I crossed the street to the visitor’s center.  My shoes were getting quite wet.  I bought these moire flats just before Easter and wore them on Easter, although at the time I did not know they were moire, I thought they were that fabric which has a pattern like woodgrain and is delicate and you should not wear in a wet and muddy Easter egg hunt, even though that is what I did do.  And now I was doubly injuring the shoes, wetting them again, this time not in Kansas mud, but in New York rain, almost snow, or possibly light hail.  Such fabric is also called watered silk.

The visitor’s center was down stone steps, down closer to the river, this river, the Hudson for sure.  There was a gift shop, but no one.  A door opened and a ranger came out.  I went into the bathroom next, and saw she had left her cell phone on the toilet paper dispenser.  When I was done I took her phone out to her, and she said thank you.

She told me the next room had an exhibit and a movie.  She played the movie for me.  I clapped a little, she said, no one ever claps.

“They carried the Civil War veterans up the steps!” I said.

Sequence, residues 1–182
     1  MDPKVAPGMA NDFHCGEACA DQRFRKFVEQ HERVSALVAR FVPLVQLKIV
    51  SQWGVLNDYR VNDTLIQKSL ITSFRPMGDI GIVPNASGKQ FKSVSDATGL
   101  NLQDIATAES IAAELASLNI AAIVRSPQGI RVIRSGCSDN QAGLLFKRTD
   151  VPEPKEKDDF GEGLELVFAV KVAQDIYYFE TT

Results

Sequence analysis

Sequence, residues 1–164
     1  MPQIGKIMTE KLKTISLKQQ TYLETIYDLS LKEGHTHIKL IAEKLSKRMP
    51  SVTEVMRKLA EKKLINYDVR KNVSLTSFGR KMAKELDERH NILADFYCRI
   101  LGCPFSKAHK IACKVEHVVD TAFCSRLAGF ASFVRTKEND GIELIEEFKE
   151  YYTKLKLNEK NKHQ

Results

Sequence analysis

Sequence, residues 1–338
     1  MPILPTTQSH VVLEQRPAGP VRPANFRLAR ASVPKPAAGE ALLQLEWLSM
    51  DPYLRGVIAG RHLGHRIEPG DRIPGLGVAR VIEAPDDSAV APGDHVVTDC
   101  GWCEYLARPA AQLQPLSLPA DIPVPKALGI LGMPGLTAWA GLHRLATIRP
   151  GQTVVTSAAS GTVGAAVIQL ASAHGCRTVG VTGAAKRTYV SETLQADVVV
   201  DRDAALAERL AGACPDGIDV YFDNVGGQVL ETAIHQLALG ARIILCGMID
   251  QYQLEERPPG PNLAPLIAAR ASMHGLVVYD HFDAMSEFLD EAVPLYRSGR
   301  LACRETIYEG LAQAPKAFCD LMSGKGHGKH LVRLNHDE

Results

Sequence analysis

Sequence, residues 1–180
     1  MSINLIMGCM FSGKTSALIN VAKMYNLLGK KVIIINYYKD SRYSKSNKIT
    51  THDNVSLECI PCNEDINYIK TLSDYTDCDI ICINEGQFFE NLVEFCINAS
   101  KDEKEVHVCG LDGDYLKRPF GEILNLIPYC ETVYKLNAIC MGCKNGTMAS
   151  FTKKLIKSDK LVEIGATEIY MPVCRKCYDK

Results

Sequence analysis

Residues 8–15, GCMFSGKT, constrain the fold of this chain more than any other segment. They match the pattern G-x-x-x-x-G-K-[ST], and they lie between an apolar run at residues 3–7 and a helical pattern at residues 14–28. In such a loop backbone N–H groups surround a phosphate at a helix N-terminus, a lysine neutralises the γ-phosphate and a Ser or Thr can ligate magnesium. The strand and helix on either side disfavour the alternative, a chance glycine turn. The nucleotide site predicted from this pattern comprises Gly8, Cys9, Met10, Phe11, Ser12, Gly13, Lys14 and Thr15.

I walked around the room to read everything.  I choked up reading about how Ulysses S. Grant didn’t want to be a soldier yet failed at everything else he tried.  I missed my father terribly, and then my sister, as they are the people I know who also might cry at a National Park thinking about how gently Grant made peace with Lee and, you know, the Civil War.

And that as time went on, veterans of the Civil War gradually met to commemorate the war not separately, but together.

I went home, it took forever.

Baltimore

photo-4From an interview with James Baldwin, just after the death of Dr. King:

Baldwin: It is not the black people who have to cool it, because they won’t.

Interviewer: Aren’t they the ones getting hurt the most, though?

Baldwin: That would depend on point of view.  You know, I’m not at all sure that we are the ones who are being hurt the most.  In fact, I’m sure we’re not.  We are the ones who are dying the fastest.

Yesterday I took this long walk in Manhattan from Chelsea to Chinatown, not because they both start with “Ch.”  Purple tulips, one lady with purple hair, one sign with a curl as one of its letters.  The townhouse Edward Hopper painted in, it is on Washington Square Park.  I climbed the steps to see the plaque that explained this, and stood on his stoop a minute.  I planned only to see things I hadn’t seen before, which was more difficult than I thought it would be.  I accidentally walked by the same pharmacy that always makes me think, what a fancy pharmacy, my doctor’s office, and a restaurant I ate in 1996.